But it also means those tenants are back in town as the Delta variant takes hold and more businesses delay their return-to-work dates. In early June, Griffin Kao, product manager at Google, signed a three-bedroom lease with two friends in the Gramercy, East Village neighborhood, after living and working from home for a year in his hometown of Philadelphia, after having graduated from college in May 2020. Even though the return from his office was delayed from September to October, he is relieved to have rented when he did.
“I kind of wanted to, like, you know, start my new life in New York City,” Kao said. “And I hope it’s only a month or two.”
Tenants who are returning now are faced with a market with much more demand and less supply. According to StreetEasy, inventory levels in Midtown, the Financial District, East Village, Battery Park, Chelsea, Greenpoint and downtown Brooklyn in July were lower than they were at the same time in 2019.
“We are seeing rental inventory decline rates this summer are a bit faster than they were two years ago when we last had seasonality comparisons for July,” said Nancy Wu, economist at StreetEasy and Zillow. . “Right now, not only are we experiencing seasonal effects, but we are also experiencing the effects of people returning to the city at the same time. “
Gani – who rents in areas like the Lower East Side, SoHo, Nolita, Tribeca, Upper East Side, and Hell’s Kitchen – has seen the imbalanced supply and demand pool while showing units to customers this summer.
“Last year we had, say, 500 apartments but only 50 people were looking for it. This year we have 500 people looking and only 50 apartments, ”he said. “There is a wave of people coming back to the city, but there is not a lot of inventory. “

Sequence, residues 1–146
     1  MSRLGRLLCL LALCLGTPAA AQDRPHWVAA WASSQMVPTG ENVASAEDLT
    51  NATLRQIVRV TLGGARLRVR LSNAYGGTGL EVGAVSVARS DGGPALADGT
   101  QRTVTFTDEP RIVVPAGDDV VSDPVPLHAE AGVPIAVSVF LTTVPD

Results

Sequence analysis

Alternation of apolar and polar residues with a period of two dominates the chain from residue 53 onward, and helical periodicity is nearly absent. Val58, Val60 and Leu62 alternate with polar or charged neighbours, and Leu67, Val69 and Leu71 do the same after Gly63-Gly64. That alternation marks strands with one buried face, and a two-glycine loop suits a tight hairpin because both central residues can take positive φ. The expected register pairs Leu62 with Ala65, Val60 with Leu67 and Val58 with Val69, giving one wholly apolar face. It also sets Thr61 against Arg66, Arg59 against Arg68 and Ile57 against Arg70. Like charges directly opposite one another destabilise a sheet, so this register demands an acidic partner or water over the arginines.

Even the recent increase in cases caused by the delta variant hasn’t stopped Gani from receiving a flood of StreetEasy emails, texts, calls and messages. Earlier this month, the broker said it received 99 inquiries via StreetEasy on the first day after a two-bedroom apartment on Rivington Street on the Lower East Side was listed for sale for $ 3,500.
Becki Danchik, real estate broker for Warburg Realty, which represents clients in Manhattan, sees similar trends. Earlier this summer, Danchik said he received 300 inquiries about seven apartment listings in less than a day.
“Between last year and now, the rental market has gone from zero to 100,” she said. “It takes me hours to answer people. “
Wu noted that the inner city areas where young people are eager to return are the most in demand.
“We are finding that inventory numbers in the East Village, in many areas of downtown Manhattan, are declining much faster than they are on the Upper East Side, or even in areas of Brooklyn. , where we generally see less demand from younger people. , more mobile tenants, ”Wu said.
But since neighborhoods with fewer young people remain less desirable, Wu recommended prospective tenants to broaden their search, as Perillo did.
“It’s a very difficult time for the market,” she said. “But it’s definitely a possibility to research and see other neighborhoods and consider the tradeoffs there.”